The first meeting of The Prometheans in 2005 was heralded by the announcement that “the engineering community and its cousin the engineering-education community remain important parts of SHOT’s environment and valued segments of its membership.” An engineering-education working group formed by members of this SIG is currently engaged in a number of different activities to help promote a better understanding of engineering education among SHOT members, develop new humanistic curricula for engineers (by, e.g., the exchange of course syllabi), and connect with organizations such as the Liberal Education Division of the American Society of Engineering Education, in pursuit of a coordinated approach to improvements in engineering education. For questions about the Prometheans, email Atsushi Akera. For further information, go to the Prometheans’ Website.
SHOT Asia Network
The Asia Network is an online/offline network of SHOT member scholars sharing either Asian nationality, ethnicity, or research interests. Anyone may join the Network by visiting their newsgroup. For additional information see the SHOT Asia Network Facebook page or email any of the group’s moderators: Tae-Ho Kim, Ashok Maharaj, or Honghong Tinn.
Technology Museums Special Interest Group (TEMSIG)
TEMSIG, formed 1984 and re-launched in 2004, provides a forum for those interested in the material legacy and public presentation of the history of technology. There are no annual dues for TEMSIG, but a membership list is maintained for purposes of communication. For information, please email Eric Nystrom.
Women in Technological History (WITH)
(WITH) is a Special Interest Group within SHOT whose membership includes both men and women interested in gender issues. WITH has a two-fold purpose: to serve as a support group to encourage and energize women working within the profession and as an activist group that seeks to foster and promote gender analysis within the history of technology. As founding member and former SHOT President Daryl Hafter has written, WITH’s goal is to nurture “the subject and the people.” Membership in WITH is open to all members of SHOT. To find out more about WITH, please email Emily Gibson or Mary Mitchell.
The Influence of Political Interest Groups Essay example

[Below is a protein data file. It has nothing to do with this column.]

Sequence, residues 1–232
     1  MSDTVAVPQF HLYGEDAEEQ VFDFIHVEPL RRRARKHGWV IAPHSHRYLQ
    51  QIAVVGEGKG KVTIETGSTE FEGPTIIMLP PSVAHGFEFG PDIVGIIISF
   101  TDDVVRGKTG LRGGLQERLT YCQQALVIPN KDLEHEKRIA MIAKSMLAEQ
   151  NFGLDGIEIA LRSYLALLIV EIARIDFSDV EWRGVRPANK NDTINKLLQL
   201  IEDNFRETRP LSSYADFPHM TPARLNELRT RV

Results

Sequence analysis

995 Words4 Pages
Political interest groups have had a profound influence over important governmental decisions throughout the history of the United States. James Madison believed that everyone is self-interested; therefore, interest groups are an assemblage of individuals who share the same self-interest acting together to obtain goals beyond individual reach in complex societies. These interest groups are highly organized factions that have a certain agenda that is important to them. In order to ensure their agenda is protected, these groups will often lobby various levels of government, have new laws or regulations instituted that will aid their agenda, or argue against possible laws, codes, or regulations that might harm their interests of agendas.…show more content…
With many different competing interest groups, the way to achieve democratic success is to find a middle ground, a compromise. Groups for the equality of gay marriage, such as the National Center for Lesbian Rights (NCLR), Gay & Lesbian Advocates & Defenders (GLAD), and Basic Rights Oregon, had to compromise with the groups opposing it, such as the Massachusetts Family Institute (MFI) and the Massachusetts Catholic Coalition (MCC), because otherwise the government would achieve nothing. Before the Massachusetts decision, the establishment of legal civil unions was that compromise. These unions gave all the rights and responsibilities of marriage to same-sex couples without blemishing the establishment of marriage, but these unions were not inherently equal. Civil unions only gives equal rights at state level and exempts someone from federal benefits, such as inheriting social security after your spouse dies. Massachusetts was the first to agree that civil unions were unacceptable because they were unequal in name, but only because multiple interest groups were bonded together. With competing interest groups, achieving the equality of the word marriage took the collaboration of similar-minded interest groups to overcome the competing views because many groups can achieve better success together than one can on its own. The Goodridge decision propelled the debate over legalizing same-sex marriage into the national spotlight, compelled various interest groups across